‘Politricks’ in Redistricting: The Cases of New York and New Jersey by Nestor Montilla, Sr.

The New York State Legislative Task Force on Demographic Research and Reapportionment has conducted its first round of twelve public hearings. From July to October this year, more than 19 million New Yorkers were afforded an opportunity to testify regarding how the new congressional and state legislative districts should be configured.

Those testifying were afforded five minutes each. Hearings were conducted during regular business hours starting at 10:00AM when most New Yorkers were at work. As insignificant as this may sound, this is only one of numerous examples of anomalous actions taken by current and past redistricting commissions reflecting their partisan proclivity. Actions range from the appointment of partisan members to having party control as an objective, and including everything in between: gerrymandering, drawing lines behind closed doors by politicians themselves, drawing in or out residences of incumbents and/or opponents, drawing districts to punish incumbents who challenge party in power, etc. To remedy these gimmicks or politricks, states should enact swiping reforms and establish independent non-partisan redistricting commissions.

In 2002, the New York State Task Force re-drew Senate District 30 and re-named it District 31 to allegedly reflect demographics changes as reported by the U.S. 2000 Census.

The District was redrawn from 53.25% to 57.43% Latino, to make incumbent Senator Eric Schneiderman vulnerable to a Latino challenger, said Greg Sargent in article “West Side Story: Drawing district to boost a rivalry” published by the New York Observer on April 22, 2002. As the head of the Democratic Senate Campaign Committee, Schneiderman was pivotal in fundraising money for Democratic candidates; he also targeted for defeat key Republican incumbents including his counterpart, Bronx Senator Guy Vellela, who was chair of the G.O.P. Statewide Senate Campaign Committee.

Schneiderman’s political aim was seen by Republicans as a threat to upset the power arrangement in the State Capitol where Democrats control the Assembly, Republicans control the Senate and consequently the redistricting process. The Task Force manipulated the redistricting process and drew District 31 majority Hispanic to punish Senator Schneiderman.

In the State of New Jersey, with a population of roughly 9 million people, the redistricting process put the spotlight on the 1.6 million Latinos. This growth, equivalent to 17.7% of the state population, had exceeded anyone’s expectations. How the reapportionment commission would handle representation of Latinos became the central issue of its assignment.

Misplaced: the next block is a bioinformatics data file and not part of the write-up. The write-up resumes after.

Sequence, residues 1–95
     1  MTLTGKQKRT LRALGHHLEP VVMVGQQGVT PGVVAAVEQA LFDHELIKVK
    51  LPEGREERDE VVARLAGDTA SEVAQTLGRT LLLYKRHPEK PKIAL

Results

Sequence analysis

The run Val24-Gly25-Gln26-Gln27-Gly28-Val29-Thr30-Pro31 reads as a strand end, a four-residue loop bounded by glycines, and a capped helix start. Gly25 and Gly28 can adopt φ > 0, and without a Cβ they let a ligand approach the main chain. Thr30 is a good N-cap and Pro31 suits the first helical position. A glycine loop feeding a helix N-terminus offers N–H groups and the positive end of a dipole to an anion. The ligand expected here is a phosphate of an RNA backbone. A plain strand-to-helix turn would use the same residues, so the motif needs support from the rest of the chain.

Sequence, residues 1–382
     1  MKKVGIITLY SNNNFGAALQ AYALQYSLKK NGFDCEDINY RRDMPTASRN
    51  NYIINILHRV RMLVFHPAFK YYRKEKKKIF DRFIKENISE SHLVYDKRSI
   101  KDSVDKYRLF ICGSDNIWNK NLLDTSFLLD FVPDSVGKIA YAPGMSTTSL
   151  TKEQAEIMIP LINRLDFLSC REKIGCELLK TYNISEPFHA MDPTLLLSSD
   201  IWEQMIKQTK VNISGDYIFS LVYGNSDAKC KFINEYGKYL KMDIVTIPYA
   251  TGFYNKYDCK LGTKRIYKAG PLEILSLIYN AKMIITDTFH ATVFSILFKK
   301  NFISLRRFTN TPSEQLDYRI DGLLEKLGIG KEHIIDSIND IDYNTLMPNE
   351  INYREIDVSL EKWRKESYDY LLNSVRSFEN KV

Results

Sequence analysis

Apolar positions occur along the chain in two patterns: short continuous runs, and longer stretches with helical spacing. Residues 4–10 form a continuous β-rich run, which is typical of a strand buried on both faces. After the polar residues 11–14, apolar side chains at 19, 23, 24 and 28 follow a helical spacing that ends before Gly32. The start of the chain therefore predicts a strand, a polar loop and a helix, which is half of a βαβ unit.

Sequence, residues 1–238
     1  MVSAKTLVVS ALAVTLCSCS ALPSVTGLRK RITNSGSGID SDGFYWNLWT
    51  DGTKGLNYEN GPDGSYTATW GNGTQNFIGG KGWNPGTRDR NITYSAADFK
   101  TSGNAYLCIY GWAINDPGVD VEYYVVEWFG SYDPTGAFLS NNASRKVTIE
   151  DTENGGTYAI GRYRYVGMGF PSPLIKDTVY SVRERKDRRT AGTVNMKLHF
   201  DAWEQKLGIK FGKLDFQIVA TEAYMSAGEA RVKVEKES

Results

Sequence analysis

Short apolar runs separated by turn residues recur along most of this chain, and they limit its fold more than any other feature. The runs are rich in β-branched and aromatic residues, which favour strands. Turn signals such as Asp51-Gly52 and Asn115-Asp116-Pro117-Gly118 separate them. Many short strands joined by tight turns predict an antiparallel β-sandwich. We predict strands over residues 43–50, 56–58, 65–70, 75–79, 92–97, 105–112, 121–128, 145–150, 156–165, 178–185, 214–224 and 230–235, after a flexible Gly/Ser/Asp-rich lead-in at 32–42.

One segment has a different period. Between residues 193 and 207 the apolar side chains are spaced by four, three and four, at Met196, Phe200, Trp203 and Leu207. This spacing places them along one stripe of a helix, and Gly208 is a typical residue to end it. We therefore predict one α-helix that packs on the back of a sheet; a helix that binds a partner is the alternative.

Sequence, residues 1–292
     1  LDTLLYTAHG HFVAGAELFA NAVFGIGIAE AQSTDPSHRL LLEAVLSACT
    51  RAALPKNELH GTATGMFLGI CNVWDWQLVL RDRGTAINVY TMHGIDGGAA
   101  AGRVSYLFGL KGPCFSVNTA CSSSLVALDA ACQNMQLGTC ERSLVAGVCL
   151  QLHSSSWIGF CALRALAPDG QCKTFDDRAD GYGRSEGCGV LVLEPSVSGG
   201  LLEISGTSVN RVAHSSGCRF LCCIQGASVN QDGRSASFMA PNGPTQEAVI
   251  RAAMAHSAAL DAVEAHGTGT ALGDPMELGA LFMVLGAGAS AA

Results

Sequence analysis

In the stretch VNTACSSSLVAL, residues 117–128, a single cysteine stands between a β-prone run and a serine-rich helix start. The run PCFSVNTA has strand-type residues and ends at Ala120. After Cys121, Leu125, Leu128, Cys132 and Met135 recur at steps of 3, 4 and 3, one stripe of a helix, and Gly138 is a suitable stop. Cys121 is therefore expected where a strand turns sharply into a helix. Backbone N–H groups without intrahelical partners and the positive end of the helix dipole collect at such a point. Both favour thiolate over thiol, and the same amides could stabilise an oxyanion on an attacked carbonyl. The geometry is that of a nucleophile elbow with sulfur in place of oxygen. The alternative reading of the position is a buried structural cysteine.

As the commission and advocates for Latino representation went through the process – appointment of commission, hearings, the selection of the 11th member, proposed maps, etc. – two barriers to fair Latino representation emerged.

First, Latinos were in districts dominated by the Democratic Party, and were also shifting to Republican dominated districts. In both cases, Latinos were represented by non-Latino incumbents.

Due to their number and voting clout, Latinos became a threat to incumbents of both parties; incumbent protection became a priority of the parties and the Commission on Redistricting. Although the Latino population had increased dramatically, the new maps protected white incumbents in a highly partisan political process.

The Dominican American National Roundtable (DANR) and the Latino Leadership Alliance of New Jersey (LLANJ) advocated for Latino Majority-districts that would follow the example of Assembly District 33, a district that had produced 40% of the Latino representation in New Jersey legislature. Apparently, this was the only district where Latinos could advance in the Democratic Party.

Several areas such as the cities of Newark, Elizabeth, Paterson and Passaic were identified as having the potential to replicate this model. Senate and assembly districts could be drawn around the Latino population in these areas resulting in the creation of several majority-Latino districts. The destabilizing effect this would have had on incumbents, especially Democrats, was apparent. This strategy would have the unintended outcome of providing Republicans with their desired change in leadership in the legislature.

Democrats proposed a map that spread Latinos among several districts, strengthening their influence in general elections, but weakening it in primary elections where candidates are selected. Democrats’ map split District 33, taking it from 53% to 44% Latino. The district is no longer a majority Latino district. This was done to protect a white Assemblywoman, Joan M. Quigley (D), Majority Conference Leader, who later retired.

And the second barrier is dual office-holding.

There are six multiple-office holders in New Jersey; all white males and Democrats representing heavily Latino districts. They include Senator/Assemblyman Paul Sarlo, Assemblyman/Councilman Gary Shaer, Assemblyman/Freeholder Ralph R. Caputo, Senator/Mayor Brian Stack, and Senator/Mayor/Superintendent Nicholas Sacco.

Should each of them give up one office, Latinos could get closer to fair representation in New Jersey. As the cases of New York and New Jersey show, the prevailing factor in the reapportionment process is ‘politricks’, not fair redistricting for fair representation for the people. Sweeping nonpartisan independent redistricting reform is in order.

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